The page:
International troops are withdrawing from Afghanistan, and the security situation is worsening. The U.S. also wants out of the country – but it is now increasing the number of its airstrikes.
The U.S. plans to continue supporting government forces there with airstrikes against the Taliban during its ongoing withdrawal from Afghanistan. “The United States has increased air strikes in support of Afghan forces in recent days. And we are prepared to continue that increased level of support in the coming weeks as the Taliban continue their attacks,” Gen. Kenneth McKenzie, who is in charge of the region, said Sunday at a news conference in the capital, Kabul. He would not comment on whether the U.S. plans to continue this after the planned end of its military mission on Aug. 31.
Insecurity in Afghanistan has increased considerably in recent weeks. Since the troops of the German Armed Forces have been withdrawn and the U.S. is also increasingly leaving the country, the Taliban are advancing. They have already taken control of many districts in the country. Talks between them and the government in Kabul have so far been fruitless.
From 1996 until their overthrow by U.S.-led troops in 2001, the Taliban had ruled Afghanistan and massively curtailed human rights. The U.S. intervened in Afghanistan at the head of a NATO alliance shortly after the Sept. 11, 2001, attacks.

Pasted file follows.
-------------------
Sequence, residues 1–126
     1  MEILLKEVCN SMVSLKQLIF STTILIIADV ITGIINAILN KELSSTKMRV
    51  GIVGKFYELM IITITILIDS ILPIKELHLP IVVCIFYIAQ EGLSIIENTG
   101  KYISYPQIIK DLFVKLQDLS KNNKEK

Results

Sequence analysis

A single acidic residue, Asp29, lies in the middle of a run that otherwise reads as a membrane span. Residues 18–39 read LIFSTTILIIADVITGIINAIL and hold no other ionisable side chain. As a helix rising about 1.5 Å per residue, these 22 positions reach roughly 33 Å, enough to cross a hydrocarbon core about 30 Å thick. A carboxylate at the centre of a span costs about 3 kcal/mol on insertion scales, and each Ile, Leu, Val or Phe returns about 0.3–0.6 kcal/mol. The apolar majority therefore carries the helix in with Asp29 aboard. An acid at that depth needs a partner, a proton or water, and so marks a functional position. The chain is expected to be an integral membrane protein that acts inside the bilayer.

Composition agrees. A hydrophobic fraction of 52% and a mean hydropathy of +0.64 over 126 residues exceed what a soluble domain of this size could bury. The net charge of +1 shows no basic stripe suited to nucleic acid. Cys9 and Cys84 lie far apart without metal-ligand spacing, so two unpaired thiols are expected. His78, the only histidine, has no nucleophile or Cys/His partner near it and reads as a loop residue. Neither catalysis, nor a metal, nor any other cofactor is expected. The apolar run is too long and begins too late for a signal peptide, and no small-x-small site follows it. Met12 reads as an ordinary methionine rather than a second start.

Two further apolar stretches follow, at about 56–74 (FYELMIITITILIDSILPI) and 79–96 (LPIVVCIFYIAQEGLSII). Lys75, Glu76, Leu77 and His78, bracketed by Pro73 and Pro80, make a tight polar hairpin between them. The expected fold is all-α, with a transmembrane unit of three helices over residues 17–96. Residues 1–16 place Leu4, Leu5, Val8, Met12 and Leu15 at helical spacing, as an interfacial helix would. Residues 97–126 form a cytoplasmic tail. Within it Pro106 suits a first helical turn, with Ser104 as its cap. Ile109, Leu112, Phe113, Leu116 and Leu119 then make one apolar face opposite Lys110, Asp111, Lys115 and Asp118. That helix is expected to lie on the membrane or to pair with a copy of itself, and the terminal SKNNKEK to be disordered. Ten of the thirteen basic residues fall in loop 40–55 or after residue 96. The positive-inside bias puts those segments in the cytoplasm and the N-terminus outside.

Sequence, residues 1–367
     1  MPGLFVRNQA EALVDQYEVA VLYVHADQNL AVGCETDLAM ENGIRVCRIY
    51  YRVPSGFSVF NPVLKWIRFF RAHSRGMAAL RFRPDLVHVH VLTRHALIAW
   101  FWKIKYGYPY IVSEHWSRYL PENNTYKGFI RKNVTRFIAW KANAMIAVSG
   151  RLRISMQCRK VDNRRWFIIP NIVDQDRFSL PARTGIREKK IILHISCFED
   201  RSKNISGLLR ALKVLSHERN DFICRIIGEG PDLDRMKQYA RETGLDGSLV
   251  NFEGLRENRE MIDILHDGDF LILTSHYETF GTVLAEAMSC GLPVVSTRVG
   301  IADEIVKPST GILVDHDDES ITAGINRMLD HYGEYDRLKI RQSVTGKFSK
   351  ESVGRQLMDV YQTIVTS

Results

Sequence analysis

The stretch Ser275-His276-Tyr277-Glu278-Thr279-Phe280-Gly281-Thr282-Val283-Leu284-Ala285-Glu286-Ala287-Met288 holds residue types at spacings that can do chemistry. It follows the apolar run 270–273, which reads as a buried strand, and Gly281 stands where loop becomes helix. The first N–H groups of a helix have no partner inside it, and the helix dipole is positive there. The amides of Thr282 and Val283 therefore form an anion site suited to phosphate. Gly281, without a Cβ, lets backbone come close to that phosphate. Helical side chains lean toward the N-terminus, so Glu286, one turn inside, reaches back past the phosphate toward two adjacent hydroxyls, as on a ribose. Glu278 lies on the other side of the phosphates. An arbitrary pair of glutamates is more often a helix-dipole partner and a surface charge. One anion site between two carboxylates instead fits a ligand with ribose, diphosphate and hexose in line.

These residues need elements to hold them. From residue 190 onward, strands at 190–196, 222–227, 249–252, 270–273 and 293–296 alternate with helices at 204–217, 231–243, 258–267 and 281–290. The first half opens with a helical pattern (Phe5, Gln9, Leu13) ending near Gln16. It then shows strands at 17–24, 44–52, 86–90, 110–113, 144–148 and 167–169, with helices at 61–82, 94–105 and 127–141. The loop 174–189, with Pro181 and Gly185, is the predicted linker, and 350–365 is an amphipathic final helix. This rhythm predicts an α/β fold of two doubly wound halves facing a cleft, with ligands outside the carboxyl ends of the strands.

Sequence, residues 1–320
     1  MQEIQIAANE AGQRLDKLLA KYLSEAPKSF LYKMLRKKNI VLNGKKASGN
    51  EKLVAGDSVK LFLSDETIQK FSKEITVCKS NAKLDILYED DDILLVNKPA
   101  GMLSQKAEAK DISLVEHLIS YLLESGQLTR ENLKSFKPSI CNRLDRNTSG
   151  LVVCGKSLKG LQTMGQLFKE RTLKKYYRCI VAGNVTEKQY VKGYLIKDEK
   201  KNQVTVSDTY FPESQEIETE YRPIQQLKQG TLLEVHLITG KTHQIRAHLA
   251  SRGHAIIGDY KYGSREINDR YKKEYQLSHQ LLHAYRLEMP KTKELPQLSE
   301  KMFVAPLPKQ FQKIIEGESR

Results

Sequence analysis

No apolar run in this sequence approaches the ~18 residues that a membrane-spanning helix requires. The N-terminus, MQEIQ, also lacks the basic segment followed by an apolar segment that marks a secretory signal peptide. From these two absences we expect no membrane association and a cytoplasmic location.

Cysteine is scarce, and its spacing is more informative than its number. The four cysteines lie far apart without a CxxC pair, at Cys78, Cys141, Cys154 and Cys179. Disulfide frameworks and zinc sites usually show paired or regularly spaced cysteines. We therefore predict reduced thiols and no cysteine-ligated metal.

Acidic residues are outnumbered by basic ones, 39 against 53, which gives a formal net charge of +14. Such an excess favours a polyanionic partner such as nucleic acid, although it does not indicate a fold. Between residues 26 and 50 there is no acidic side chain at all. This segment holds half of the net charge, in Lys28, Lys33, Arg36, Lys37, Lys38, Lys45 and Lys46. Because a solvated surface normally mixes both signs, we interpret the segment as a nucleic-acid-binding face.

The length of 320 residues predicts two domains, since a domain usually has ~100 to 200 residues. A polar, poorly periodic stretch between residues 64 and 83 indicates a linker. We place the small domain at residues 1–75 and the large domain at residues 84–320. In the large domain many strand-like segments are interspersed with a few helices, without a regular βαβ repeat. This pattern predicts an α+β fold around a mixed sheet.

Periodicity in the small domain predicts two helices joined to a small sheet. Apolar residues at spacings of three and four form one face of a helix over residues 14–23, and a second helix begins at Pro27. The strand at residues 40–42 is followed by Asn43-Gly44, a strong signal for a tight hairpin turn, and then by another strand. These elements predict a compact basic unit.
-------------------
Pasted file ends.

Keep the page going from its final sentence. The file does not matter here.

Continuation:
In Kandahar province alone, 20,000 families on the run
In Afghanistan’s Kandahar province alone, more than 20,000 families have fled because of fighting between the radical Islamic Taliban and the military. “The fighting has displaced 22,000 families in Kandahar in the past month,” Dost Mohammed Darjab, head of the refugee agency in the southern Afghan province, told the AFP news agency on Sunday. Kandahar was a stronghold of Islamists during the Taliban rule between 1996 and 2001.
Authorities in Kandahar have set up four camps for the estimated 154,000 displaced people. Fighting continued Sunday in the outskirts of Kandahar, the country’s second-largest city with 650,000 residents. The Taliban had captured his house, reported Hafis Mohammed Akbar, a resident of Kandahar. “They forced us to leave. I am now living with my family of 20 in a building without a toilet.”
Meanwhile, the Afghan Interior Ministry announced the arrest of four suspects believed responsible for the rocket fire in Kabul earlier this week. They are said to belong to the Taliban, although the jihadist militia Islamic State had claimed responsibility for the attack. In the attack, at least three rockets had struck near the presidential palace on Tuesday during official ceremonies marking the Islamic festival of sacrifice, Eid al-Adha.